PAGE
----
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Any chance they're going to make their website "people who don't have kids friendly" and stop blending kids movie recommendations with everything else?
It's revisionist history to say that DVDs were a $2 add-on to streaming. For most of their members it was streaming that was a free add-on and then a $2 add-on to their existing DVD plan. Now it's going to be an $8 add-on, but you can opt-out of it, so I and probably a lot of other people are going to do that. I just don't get enough out of their streaming product to justify an $8 price point.
I think what people are annoyed by is that they can't do a transaction with HBO directly without going through their cable operator. HBO wants to drive $15/month subscriptions with these shows? Fine. HBO wants to drive $100/month subscriptions to a separate cable company with these shows? Why? Why can't they just let people sign up for $15/month to view HBO content over the web rather than paying more for other stuff that they've obviously decided wasn't worth it? I imagine that if you dug through the cable/HBO contracts you'd find that this is a lot like the NFL Package being exclusive to DirectTV...somehow HBO is ultimately getting more than $15/month per subscriber from the cable company in return for not selling subscriptions online. That kind of lock-in seems very anti-consumer and not every anti-consumer complaint is just an overblown sense of entitlement. I wish that the FCC would look into these cases of channel-tying and the unified front that the content owners have against a la carte cable channel sales. It's clearly a case of collusion among a small group of content owners, since a true market would have produced at least experimentation in that area even if the end-result was eventually found to be unmarketable.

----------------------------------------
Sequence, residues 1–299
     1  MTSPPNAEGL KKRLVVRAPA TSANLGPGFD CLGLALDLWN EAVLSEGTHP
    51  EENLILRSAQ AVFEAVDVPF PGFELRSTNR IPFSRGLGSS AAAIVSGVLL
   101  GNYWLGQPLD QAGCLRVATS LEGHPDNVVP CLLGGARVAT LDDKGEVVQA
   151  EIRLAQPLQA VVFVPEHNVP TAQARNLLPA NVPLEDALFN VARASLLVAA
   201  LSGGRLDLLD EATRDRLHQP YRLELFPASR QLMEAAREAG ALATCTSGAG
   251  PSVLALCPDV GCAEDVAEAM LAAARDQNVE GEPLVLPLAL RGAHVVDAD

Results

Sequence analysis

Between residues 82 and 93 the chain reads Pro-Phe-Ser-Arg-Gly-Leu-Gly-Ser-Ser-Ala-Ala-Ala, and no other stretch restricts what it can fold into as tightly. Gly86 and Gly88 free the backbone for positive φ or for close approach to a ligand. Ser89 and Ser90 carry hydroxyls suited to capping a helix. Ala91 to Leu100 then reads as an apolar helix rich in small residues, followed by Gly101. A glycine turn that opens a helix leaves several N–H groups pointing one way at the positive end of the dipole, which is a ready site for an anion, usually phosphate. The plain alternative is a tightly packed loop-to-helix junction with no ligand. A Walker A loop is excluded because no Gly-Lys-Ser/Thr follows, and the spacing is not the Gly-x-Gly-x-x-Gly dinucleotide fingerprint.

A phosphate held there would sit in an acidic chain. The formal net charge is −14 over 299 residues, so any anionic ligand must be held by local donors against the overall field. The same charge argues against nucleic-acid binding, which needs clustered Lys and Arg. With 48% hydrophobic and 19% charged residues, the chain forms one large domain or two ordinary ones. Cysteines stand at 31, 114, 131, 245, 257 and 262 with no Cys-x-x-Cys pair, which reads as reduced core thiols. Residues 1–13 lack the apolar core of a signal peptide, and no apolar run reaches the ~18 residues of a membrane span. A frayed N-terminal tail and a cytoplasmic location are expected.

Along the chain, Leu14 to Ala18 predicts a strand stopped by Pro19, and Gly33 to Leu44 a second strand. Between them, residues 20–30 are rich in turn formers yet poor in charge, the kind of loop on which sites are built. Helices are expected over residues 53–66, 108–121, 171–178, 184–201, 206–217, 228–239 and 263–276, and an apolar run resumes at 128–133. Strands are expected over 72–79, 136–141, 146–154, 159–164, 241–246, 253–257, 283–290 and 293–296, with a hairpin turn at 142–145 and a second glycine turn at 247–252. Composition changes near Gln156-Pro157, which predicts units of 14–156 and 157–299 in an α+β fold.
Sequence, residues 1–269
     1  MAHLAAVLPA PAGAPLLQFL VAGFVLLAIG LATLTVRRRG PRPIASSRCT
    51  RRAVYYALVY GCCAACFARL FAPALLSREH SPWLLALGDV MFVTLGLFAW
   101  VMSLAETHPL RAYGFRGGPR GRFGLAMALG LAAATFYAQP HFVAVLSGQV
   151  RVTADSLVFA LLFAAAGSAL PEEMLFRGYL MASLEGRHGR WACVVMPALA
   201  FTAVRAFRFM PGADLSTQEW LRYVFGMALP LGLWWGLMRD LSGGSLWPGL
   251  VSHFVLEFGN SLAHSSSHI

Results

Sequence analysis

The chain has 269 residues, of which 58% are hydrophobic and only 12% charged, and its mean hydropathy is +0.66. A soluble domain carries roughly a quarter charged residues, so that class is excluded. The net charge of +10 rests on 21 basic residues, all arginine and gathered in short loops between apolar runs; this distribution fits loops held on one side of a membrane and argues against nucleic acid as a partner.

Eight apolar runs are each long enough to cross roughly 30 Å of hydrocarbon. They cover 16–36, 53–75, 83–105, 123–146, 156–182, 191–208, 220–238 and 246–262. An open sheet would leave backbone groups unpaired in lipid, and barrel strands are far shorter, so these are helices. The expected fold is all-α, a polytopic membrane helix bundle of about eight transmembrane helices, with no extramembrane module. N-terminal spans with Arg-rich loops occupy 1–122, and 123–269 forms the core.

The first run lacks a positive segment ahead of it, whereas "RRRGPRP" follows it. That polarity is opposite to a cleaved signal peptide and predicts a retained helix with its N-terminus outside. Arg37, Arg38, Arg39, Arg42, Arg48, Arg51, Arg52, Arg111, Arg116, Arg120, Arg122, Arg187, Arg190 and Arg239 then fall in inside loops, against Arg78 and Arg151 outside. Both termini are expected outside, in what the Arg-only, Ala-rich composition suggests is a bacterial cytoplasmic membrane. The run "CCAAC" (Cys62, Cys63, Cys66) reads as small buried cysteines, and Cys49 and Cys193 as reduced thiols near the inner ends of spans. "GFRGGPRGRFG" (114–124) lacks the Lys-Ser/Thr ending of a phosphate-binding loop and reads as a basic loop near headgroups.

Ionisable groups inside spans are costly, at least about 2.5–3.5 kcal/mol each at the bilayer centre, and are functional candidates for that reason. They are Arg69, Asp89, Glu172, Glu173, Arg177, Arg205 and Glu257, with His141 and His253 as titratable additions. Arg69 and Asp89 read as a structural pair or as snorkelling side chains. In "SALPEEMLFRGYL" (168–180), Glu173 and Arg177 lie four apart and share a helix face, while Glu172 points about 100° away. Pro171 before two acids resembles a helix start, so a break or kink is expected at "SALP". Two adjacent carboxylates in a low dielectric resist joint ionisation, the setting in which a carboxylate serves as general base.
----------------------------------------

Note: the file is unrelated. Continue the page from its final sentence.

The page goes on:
So they're colluding together to kill competition, doesn't this scream anti-competitive behavior?
You won't buy Blu-Rays instead of DVDs? We'll just get rid of the DVDs
My Roku's wifi crapped out, so I've had to reshuffle things so that the Roku is at the TV near the router. Given the number of people that have had this same problem, I'm not sure it's worth a purchase given the number of other devices that have Netflix built-in.
They've conveniently mucked up the "new release page" so much that I can believe that a lot of their customers have no idea what just came out. Is that a good thing?
"1-out-unlimited who uses instant watch a lot" is not their ideal customer. Though it sounds like they aren't spending a lot on your for postage, they are paying for bandwidth and whatever rights fees the instant watch movies cost. They aren't getting much from you in terms of fees when you're on the 1-out plan.
that review could be reused for "Zack and Miri Make a Porno" with only a few cosmetic tweaks
Most of those old great video stores were getting their lunch eaten by Blockbuster before Netflix came along, and they were going away just as fast. If he thinks it's hard to find obscure movies on Netflix, he should try his local Blockbuster store.